To evaluate all of the collected details, ask questions that explore the relevance and significance of each fact. Is each fact substantial, crucial or applicable to the answer (conclusion) you wish to find?

Next, logic helps a critical thinker avoid errors in a conclusion by exploring validity, consistency and logical flaws.

Finally, evaluate the conclusion itself with questions about its fairness, reasonableness, depth and breadth. Ask questions such as: Does my conclusion seem practical? Did I gather my information from only one source? Could there be information that I am missing?

For illustration, let’s look at an overly simple example. Let’s say a child makes the statement that real cats are yellow. To help him learn if his view of the world (relating to the color of cats) is valid, you might ask him a series of fact-finding questions. Who or what makes you think this is true? He says: “I have seen yellow cats.” Where and when have you seen them? He says: “When I play in my backyard.” When exactly do you play in the yard and see the cats? He says, “Every afternoon.” How many cats do you see? He says, “Three.”

You agree that these are interesting facts, and they are relevant because he has experienced seeing yellow cats himself. It even seems logical for him to draw the conclusion that real cats are yellow based on his observations.

But now the “logical” conclusion must be evaluated once more for fairness, reasonableness, depth and breadth.

You ask another series of questions: Do you think there may be other cats that only go outside in the morning but not the afternoon? He says, “Maybe.” Do you think some neighbors have cats that stay in the house all of the time so that you never see them? He says: “Maybe.” Do you have friends who have a pet cat? “Yes.” Have you seen whether those cats are all yellow? “No.” Can you think of any other place where you have seen a cat? “At my cousin’s house.” What color was that cat? “It was black and white. So real cats are not always yellow after all!”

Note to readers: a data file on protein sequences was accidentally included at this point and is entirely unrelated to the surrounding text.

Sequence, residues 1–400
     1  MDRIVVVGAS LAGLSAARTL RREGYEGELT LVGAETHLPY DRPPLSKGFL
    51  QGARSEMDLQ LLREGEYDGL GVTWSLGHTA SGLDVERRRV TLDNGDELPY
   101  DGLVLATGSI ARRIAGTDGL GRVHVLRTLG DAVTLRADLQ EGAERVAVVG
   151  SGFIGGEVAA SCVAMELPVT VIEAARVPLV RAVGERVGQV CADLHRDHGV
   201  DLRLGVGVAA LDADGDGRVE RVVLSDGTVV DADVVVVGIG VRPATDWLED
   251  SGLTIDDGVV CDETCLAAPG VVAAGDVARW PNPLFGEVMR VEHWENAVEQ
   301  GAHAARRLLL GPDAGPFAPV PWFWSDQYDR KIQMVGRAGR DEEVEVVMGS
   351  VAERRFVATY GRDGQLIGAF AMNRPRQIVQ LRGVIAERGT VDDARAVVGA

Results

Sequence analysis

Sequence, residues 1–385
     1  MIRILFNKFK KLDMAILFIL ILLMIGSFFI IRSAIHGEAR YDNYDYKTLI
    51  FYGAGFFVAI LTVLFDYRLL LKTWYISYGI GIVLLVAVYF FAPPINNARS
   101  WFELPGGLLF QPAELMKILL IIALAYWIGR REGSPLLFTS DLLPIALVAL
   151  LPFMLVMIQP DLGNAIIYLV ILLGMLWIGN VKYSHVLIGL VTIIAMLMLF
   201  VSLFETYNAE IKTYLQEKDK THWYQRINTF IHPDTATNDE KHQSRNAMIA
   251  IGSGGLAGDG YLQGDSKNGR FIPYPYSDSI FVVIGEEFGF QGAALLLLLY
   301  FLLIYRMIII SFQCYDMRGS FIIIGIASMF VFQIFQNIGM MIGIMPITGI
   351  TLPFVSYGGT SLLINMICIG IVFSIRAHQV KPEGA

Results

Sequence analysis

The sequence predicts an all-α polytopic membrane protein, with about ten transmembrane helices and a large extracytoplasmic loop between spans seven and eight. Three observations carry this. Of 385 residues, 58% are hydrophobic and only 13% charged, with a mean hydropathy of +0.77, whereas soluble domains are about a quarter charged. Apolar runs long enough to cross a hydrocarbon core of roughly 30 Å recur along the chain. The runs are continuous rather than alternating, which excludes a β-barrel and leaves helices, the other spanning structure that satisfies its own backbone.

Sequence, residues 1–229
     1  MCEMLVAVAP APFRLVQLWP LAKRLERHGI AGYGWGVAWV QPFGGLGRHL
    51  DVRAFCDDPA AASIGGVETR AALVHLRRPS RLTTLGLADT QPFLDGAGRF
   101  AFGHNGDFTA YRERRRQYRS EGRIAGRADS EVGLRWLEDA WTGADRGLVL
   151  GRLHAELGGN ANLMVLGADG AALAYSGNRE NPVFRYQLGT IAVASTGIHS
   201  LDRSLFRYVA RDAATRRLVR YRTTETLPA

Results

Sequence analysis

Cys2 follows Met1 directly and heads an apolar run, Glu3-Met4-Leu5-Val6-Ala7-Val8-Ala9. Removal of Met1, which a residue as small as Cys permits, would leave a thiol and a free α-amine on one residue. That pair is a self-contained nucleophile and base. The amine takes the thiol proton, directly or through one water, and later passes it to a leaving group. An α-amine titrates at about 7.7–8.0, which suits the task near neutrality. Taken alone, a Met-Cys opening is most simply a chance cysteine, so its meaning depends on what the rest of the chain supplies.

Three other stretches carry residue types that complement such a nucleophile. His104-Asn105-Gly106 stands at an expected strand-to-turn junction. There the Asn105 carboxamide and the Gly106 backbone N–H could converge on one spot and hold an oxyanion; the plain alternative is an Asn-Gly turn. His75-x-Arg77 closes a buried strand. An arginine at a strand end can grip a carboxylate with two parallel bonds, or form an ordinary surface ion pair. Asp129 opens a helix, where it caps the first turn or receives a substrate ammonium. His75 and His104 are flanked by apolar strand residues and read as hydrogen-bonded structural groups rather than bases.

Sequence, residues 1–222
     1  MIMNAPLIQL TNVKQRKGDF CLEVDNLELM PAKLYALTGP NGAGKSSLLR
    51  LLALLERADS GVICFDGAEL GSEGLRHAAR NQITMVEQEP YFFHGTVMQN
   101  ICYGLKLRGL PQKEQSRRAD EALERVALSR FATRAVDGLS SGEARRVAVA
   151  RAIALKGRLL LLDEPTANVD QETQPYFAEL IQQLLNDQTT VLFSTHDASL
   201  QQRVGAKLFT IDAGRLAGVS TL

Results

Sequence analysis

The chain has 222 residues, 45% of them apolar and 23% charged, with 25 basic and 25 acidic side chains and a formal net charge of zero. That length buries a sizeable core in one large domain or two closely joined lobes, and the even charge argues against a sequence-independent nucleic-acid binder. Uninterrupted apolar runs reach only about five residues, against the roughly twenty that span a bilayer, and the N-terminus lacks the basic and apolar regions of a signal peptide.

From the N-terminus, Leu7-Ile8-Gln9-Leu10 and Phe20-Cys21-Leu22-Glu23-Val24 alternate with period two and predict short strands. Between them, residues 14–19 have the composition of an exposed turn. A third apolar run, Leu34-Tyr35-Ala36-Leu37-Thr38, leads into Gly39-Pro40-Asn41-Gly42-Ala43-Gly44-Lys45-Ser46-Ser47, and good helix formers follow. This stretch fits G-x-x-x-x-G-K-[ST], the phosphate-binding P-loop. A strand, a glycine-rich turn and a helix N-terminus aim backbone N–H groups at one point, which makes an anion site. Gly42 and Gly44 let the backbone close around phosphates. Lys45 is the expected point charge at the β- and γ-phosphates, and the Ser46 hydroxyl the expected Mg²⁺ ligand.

This critical thinking lens (process) can be used with any statement (hypothesis, in science) to test its validity. Try it with a conclusion you hear in a newscast or with an often-heard bit of folk wisdom.


This is the second in a series of posts relating to the physical science content standards for grades 5 through 8 of the 2005 National Science Education Standards from the National Research Council. We’ll look at how Real Science-4-Kids (RS4K) and Kogs-4-Kids (K4K) texts align with these.

National Science Education Standards; Physical Science 2:

MOTIONS AND FORCES

A.    The motion of an object can be described by its position, direction of motion, and speed. That motion can be measured and represented on a graph.

B.    An object that is not being subjected to a force will continue to move at a constant speed and in a straight line.

C.    If more than one force acts on an object along a straight line, then the forces will reinforce or cancel one another, depending on their direction and magnitude. Unbalanced forces will cause changes in the speed or direction of an object’s motion.

Real Science-4-Kids meets this standard in the following ways:

The National Standards for “physical science” includes the subjects of chemistry and physics (“life science” or biology is addressed separately). Because each level of the RS4K curricula covers subjects in the same order (with more depth added for higher levels), the following alignments are generally true for Pre-Level I and Level II as well as Level I. However, specific examples are taken from Level I texts and workbooks since that age range most closely matches that of the National Standards presented here. Kogs workbooks match the subject matter of each chapter but expand that subject in the context of the book’s category (philosophy, critical thinking, history, etc.). Because information is built upon with each chapter, many types of knowledge in the standards show up in virtually all chapters. However, the key chapters for each section are shown below.

A.    The Student Textbook for physics and the corresponding experiments in the Laboratory Workbook have numerous chapters specifically addressing the knowledge listed in section A above. They include: chapter 2 (Force, Energy and Work), which addresses specifically this definition; and chapter 1 (What Is Physics?). Formulas are provided and explained, with results generally shown in table format (which can be plotted on a graph). For some experiments, students are asked to draw progressions of motion in graph-like fashion.

B.    The physics books address the knowledge listed in section B above with chapters including: chapter 4 (Motion).

C.    The physics books address the knowledge listed in section C above primarily in chapter 2 (Force, Energy and Work, which includes balanced and unbalanced forces) and chapter 4 (Motion).